AI promising as a physician assistant
performance of experienced physicians. It was more than 90 percent accurate at diagnosing asthma; the accuracy of physicians in the study ranged from 80 to 94 percent.
In diagnosing gastrointestinal disease, the system was 87 percent accurate, compared with the physicians’ accuracy of 82 to 90 percent.
Able to recognize patterns in data that humans could never identify on their own, neural networks can be enormously powerful in the right situation. But even experts have difficulty understanding why such networks make particular decisions and how they teach themselves.
As a result, extensive testing is needed to reassure both doctors and patients that these systems are reliable.
Experts said extensive clinical trials are now needed for Zhang’s system, given the difficulty of interpreting decisions made by neural networks.
“Medicine is a slow-moving field,” said Ben Shickel, a researcher at the University of Florida who specializes in the use of deep learning for health care. “No one is just going to deploy one of these techniques without rigorous testing that shows exactly what is going on.”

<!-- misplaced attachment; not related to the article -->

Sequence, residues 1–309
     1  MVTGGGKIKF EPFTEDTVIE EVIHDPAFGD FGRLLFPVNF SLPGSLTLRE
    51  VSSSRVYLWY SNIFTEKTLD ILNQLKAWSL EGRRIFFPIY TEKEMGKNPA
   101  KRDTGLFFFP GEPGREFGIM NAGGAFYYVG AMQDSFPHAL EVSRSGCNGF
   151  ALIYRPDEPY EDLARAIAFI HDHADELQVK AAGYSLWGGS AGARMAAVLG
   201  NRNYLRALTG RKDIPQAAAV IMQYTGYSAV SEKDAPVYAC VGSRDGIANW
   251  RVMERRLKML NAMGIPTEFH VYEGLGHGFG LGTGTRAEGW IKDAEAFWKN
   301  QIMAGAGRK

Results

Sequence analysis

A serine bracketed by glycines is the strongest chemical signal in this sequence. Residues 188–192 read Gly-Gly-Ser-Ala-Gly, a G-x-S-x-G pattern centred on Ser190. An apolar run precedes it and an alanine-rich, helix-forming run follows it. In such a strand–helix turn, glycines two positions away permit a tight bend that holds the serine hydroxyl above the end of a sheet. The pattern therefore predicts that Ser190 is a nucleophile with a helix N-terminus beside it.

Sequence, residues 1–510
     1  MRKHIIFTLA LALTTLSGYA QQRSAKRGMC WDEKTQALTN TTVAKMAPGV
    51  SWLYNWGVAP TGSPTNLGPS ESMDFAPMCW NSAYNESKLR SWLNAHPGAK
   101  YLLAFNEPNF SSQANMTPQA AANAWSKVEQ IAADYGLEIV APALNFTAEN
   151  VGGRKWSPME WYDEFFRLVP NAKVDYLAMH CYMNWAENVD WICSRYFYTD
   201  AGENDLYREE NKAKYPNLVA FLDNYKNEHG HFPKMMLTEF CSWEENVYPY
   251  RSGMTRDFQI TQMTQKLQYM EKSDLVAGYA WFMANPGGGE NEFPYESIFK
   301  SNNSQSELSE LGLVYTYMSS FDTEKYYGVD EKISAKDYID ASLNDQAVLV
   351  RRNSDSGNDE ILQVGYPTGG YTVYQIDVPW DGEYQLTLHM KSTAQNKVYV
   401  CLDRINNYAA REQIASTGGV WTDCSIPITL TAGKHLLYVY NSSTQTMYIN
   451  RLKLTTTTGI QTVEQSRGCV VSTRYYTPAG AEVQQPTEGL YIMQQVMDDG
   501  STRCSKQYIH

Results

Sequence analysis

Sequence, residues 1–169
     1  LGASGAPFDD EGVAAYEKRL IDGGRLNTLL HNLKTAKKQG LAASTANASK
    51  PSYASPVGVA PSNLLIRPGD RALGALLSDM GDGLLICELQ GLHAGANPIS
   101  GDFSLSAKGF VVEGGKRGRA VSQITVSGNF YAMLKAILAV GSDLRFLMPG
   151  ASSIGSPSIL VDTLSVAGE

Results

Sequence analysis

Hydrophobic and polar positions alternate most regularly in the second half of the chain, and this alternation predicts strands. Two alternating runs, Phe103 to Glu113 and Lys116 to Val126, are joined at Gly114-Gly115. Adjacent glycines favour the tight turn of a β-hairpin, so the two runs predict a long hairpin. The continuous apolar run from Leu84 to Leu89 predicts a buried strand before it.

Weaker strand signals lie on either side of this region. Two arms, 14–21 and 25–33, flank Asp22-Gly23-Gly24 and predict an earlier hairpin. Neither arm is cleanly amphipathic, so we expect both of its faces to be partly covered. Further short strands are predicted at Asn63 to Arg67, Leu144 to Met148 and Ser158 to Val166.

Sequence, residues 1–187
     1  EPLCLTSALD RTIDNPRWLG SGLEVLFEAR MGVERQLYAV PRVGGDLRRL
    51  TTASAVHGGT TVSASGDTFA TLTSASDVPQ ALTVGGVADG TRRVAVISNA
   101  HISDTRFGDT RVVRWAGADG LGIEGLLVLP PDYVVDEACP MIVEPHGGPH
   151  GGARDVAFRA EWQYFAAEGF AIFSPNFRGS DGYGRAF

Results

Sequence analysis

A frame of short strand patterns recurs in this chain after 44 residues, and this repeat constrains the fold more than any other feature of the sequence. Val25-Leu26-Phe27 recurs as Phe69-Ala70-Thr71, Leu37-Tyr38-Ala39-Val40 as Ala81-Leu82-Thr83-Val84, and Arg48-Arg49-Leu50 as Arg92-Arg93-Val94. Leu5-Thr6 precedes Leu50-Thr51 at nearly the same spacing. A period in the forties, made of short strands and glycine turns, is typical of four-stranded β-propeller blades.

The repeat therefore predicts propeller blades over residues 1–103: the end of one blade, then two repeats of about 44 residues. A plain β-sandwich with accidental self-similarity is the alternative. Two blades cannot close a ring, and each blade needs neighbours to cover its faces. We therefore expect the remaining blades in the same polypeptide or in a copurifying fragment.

It could be years before deeplearning systems are deployed in emergency rooms and clinics. But some are closer to real-world use: Google is now running clinical trials of its eye-scan system at two hospitals in southern India.
Deep-learning diagnostic tools are more likely to flourish in countries outside the United States, Zhang said. Automated screening systems may be particularly useful in places where doctors are scarce, including in India and China.
The system built by Zhang and his colleagues benefited from the large scale of the data set gathered from the hospital in Guangzhou. Similar data sets from U.S. hospitals are typically smaller, both because the average hospital is smaller and because regulations make it difficult to pool data from multiple facilities.
Zhang said he and his colleagues were careful to protect patients’ privacy in the new study. But he acknowledged that researchers in China may have an advantage when it comes to collecting and analyzing this kind of data.
“The sheer size of the population – the sheer size of the data – is a big difference,” he said.
Organizations are building systems that analyze health records to flag conditions like osteoporosis, diabetes, hypertension and heart failure.